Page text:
The Entertainments National Service Association , or ENSA was an organisation set up in 1939 by Basil Dean and Leslie Henson to provide entertainment for British armed forces personnel during World War II. ENSA operated as part of the Navy, Army and Air Force Institutes. It was superseded by Combined Services Entertainment (CSE) which now operates as part of the Services Sound and Vision Corporation (SSVC).
During 1945 actors Laurence Olivier and Sir Ralph Richardson were created honorary army Lieutenants in ENSA. They performed Shakespeare's plays for the troops in a six week tour of Europe.
In popular cultureEdit
Despite many extremely talented entertainers and movie stars, past and future, working for ENSA, the organisation was necessarily spread thin over the vast area it had to cover. Thus many entertainments were substandard, and the popular translation of the acronym ENSA was "Every Night Something Awful"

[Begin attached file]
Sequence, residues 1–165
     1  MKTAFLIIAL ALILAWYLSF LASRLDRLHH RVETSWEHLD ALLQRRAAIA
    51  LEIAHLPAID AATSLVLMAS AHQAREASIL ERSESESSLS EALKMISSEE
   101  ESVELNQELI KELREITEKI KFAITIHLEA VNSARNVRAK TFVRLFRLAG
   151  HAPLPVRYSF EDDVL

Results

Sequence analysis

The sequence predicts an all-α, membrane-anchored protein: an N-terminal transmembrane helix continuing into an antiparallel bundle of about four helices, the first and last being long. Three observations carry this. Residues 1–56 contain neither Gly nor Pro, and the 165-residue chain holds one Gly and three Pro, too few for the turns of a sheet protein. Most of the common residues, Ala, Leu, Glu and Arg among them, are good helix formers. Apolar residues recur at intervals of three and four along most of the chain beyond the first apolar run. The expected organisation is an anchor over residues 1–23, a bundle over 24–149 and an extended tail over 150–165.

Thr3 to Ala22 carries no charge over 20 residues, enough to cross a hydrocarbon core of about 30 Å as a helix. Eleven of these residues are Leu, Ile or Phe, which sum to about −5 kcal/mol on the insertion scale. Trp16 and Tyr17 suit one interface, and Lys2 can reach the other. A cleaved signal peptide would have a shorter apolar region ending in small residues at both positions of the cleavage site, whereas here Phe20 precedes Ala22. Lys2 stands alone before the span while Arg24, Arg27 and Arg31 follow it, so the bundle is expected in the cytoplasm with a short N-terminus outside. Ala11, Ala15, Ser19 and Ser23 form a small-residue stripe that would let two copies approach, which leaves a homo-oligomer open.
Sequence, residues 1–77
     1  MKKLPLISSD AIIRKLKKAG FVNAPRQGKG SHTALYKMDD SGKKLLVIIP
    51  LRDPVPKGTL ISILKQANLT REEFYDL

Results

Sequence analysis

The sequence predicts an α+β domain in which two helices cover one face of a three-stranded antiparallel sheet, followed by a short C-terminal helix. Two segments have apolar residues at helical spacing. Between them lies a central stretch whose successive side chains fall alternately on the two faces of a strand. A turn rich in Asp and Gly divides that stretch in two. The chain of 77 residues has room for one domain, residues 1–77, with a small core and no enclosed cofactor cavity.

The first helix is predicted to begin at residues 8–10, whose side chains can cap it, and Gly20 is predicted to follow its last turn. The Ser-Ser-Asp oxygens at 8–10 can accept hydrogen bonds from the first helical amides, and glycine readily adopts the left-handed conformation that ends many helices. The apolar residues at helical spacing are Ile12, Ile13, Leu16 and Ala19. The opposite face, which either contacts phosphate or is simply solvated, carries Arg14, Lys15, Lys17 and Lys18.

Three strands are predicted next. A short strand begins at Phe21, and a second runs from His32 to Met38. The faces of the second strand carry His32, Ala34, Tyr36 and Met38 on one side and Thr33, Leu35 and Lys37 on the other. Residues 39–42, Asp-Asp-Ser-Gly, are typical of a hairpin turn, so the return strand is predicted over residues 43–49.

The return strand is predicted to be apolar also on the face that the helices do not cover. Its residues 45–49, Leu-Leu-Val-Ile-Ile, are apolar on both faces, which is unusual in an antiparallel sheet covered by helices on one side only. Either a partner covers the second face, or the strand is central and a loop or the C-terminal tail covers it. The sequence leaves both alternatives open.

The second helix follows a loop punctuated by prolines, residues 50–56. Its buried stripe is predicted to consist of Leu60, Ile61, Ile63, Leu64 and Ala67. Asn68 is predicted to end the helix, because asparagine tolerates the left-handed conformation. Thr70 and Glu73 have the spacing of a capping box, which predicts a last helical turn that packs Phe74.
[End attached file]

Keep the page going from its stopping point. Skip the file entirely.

Chaos Supersedes ENSA, a mini-series (1980), was written and directed by Patrick Garland for Thames Television.
The television sitcom It Ain't Half Hot Mum concerned the misadventures of a group of soldiers providing entertainment for an army barracks in India. These were known as the Concert Party and were not ENSA members per se.
ENSA also featured in another television sitcom, Goodnight Sweetheart, in the episode How I Won The War.
The only known ENSA theatre to have survived in its original condition is the Garrison Theatre at Hurst Castle in the New Forest National Park. Created by servicemen in 1939, the proscenium arch still bears the badge and grenades of the Royal Artillery, and the curtains still hang from an old galvanised gas pipe. Shows are presented from time to time by the Friends of Hurst Castle.
In the "Are You Being Served?" episode entitled "Camping In", Mr. Grainger told a story of being a member of ENSA.
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